Related Lung Conditions
Sprinkle or dump salt on your food and inevitably you will have a reaction. You retain water or excess fluid appears in areas of your body that you prefer not to witness. Now when it comes to excess fluid occurring in your lungs, you might not be able to readily see but you certainly experience the effect. The fluid builds up in the lung’s microscopic air sacs and as a result, no surprise, it is difficult to breathe. This occurrence is a lung condition known as pulmonary edema.
Why Does Pulmonary Edema Occur?
Most people who develop pulmonary edema can trace back the cause to an issue with his or her heart. Other factors that can prompt fluid to increase in the lungs are pneumonia, living or exercising at high altitudes, chest trauma and exposure to some medications and toxins.
When pulmonary edema happens suddenly, it is called acute pulmonary edema and the individual needs to seek medical treatment as soon as possible. If care can happen quickly the prognosis is good, and even better would to treat the underlying cause of the pulmonary edema.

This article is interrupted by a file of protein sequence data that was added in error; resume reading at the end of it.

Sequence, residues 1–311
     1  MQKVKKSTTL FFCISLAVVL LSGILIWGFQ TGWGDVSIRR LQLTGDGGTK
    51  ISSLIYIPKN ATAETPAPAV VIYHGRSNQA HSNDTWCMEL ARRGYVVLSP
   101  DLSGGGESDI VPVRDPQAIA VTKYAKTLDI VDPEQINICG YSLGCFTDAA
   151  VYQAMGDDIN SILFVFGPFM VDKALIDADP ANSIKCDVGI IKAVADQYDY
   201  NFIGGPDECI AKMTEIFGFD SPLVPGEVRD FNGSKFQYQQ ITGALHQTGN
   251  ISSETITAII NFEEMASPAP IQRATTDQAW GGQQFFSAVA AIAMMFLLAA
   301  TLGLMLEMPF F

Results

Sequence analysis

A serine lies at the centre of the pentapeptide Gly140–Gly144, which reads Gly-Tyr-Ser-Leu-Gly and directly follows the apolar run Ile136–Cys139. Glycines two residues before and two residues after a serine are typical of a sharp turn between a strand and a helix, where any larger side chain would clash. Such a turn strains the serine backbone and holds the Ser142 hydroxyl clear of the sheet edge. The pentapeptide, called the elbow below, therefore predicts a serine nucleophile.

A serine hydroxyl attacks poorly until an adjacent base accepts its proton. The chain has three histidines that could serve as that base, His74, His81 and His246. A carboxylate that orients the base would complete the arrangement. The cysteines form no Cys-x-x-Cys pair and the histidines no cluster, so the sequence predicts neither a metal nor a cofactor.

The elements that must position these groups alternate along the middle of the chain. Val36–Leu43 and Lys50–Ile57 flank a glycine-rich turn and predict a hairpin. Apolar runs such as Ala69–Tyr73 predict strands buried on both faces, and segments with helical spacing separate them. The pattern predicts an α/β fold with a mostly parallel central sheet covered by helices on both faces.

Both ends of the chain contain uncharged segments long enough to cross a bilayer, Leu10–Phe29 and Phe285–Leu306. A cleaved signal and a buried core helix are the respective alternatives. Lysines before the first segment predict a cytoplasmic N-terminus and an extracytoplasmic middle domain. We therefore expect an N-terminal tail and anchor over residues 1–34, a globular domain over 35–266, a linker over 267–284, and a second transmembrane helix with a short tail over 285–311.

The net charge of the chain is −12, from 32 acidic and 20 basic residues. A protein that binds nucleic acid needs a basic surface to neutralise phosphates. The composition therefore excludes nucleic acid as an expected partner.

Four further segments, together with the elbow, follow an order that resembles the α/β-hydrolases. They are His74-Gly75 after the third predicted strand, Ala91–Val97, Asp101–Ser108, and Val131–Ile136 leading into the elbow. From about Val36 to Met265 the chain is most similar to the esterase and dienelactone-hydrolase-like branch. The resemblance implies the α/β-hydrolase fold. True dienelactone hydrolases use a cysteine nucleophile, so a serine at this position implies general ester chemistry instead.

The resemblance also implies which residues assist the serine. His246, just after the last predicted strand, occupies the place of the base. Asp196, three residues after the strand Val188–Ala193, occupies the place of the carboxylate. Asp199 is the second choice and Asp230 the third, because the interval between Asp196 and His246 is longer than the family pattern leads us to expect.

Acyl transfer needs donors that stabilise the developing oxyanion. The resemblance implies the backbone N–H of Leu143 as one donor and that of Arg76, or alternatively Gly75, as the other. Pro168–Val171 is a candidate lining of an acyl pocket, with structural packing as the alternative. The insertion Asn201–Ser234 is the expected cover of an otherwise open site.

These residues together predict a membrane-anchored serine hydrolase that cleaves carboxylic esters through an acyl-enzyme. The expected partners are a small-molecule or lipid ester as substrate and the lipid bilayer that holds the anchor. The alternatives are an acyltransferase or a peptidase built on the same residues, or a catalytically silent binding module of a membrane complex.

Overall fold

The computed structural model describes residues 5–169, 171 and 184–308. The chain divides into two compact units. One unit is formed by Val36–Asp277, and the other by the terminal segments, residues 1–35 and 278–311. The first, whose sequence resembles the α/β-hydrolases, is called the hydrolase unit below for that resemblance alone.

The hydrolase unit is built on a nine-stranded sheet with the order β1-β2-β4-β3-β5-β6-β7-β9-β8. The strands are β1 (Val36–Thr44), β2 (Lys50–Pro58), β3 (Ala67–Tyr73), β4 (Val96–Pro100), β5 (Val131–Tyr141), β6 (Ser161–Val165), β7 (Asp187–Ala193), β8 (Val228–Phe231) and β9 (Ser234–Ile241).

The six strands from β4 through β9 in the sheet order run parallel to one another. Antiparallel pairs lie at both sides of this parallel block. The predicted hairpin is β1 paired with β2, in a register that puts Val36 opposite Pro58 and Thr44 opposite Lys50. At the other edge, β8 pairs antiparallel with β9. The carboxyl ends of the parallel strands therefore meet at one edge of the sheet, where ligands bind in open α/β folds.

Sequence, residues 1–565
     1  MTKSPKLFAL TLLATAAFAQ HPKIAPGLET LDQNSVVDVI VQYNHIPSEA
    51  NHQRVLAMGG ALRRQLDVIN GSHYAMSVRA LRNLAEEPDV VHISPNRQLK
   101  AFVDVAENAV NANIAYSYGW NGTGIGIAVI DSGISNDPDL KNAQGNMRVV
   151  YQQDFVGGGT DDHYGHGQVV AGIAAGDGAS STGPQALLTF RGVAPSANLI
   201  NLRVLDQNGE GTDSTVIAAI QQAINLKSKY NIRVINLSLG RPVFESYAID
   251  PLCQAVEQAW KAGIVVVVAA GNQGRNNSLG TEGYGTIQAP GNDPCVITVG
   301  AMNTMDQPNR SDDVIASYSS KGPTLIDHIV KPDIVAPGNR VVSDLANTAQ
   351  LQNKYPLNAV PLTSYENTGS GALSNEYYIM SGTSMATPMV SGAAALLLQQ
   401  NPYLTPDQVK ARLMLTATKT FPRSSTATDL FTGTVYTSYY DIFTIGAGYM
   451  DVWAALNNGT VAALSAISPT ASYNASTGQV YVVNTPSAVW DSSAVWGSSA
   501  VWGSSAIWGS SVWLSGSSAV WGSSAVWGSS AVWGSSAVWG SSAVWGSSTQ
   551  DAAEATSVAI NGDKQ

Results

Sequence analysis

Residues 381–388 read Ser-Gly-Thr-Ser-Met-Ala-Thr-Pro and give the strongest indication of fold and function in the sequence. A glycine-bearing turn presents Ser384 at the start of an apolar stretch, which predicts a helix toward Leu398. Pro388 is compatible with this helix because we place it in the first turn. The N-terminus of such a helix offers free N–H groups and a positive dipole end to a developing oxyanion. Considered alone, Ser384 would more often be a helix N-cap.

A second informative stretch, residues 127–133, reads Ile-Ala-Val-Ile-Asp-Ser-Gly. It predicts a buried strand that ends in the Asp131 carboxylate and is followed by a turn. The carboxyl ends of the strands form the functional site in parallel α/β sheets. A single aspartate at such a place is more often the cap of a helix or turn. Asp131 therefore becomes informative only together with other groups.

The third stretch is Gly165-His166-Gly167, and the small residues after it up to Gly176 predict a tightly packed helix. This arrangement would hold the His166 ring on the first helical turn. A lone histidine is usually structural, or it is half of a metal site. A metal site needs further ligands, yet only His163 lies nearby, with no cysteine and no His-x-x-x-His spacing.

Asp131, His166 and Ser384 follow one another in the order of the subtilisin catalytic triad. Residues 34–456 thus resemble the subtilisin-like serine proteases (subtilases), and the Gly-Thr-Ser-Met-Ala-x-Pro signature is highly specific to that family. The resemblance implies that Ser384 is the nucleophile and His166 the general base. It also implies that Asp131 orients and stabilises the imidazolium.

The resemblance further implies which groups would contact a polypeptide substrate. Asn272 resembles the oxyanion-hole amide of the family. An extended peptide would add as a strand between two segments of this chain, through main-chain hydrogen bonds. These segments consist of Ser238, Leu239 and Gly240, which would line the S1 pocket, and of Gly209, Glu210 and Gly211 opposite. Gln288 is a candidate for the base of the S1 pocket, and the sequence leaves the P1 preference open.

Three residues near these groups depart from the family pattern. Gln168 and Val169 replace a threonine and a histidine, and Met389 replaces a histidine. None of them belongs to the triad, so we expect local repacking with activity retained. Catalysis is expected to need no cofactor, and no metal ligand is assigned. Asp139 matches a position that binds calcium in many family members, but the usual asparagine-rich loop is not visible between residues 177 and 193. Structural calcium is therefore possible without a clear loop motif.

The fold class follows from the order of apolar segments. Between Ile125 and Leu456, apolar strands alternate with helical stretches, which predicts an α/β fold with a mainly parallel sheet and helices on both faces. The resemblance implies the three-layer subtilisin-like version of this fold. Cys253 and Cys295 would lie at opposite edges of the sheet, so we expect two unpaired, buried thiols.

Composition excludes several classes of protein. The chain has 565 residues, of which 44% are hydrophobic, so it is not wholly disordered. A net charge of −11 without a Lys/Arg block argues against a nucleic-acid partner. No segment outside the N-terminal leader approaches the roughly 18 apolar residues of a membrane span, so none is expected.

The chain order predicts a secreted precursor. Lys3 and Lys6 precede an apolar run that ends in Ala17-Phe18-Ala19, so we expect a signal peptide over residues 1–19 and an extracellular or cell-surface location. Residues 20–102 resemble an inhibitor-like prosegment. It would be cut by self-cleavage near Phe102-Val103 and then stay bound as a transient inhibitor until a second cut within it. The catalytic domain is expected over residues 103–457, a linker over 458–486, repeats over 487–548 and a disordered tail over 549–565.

The symptoms that you should be on the lookout for with acute pulmonary edema are:
- Heart palpitations or an irregular heartbeat.
- Shortness of breath that can be described as extreme and becomes worse when you are lying down.
- Productive cough with sputum that appears frothy and tinged with blood.
- Feeling of drowning or suffocating.
Pulmonary edema can also develop over time and be more accurately described as a chronic condition. Symptoms experienced might be as follows:
- Problem breathing with exertion as well as when you are lying down.
- Waking up at night with a feeling of being out of breath, which might be lessened by sitting up in bed.
- Fatigue or feeling tired.
- Swelling in the legs.
If you also have congestive heart failure, rapid weight gain can occur due to the build-up of fluid in your body. What happens with this disease is your heart has a problem pumping blood throughout the body.
How is Pulmonary Edema Diagnosed and Treated?
When determining a diagnosis of pulmonary edema, a physician will need to perform a number of tests as well as determine the cause. First, it is important to listen to the lungs and heart. Red flag sounds would be crackling in the lungs, which are also known as rales, rapid breathing and increased heart rate. Other tests that might be ordered are a chest x-ray, echocardiogram, electrocardiogram and full blood work-up.
Treatment depends on the underlying cause of the pulmonary edema. Medication to decrease the fluid build-up can be described as well as supplemental oxygen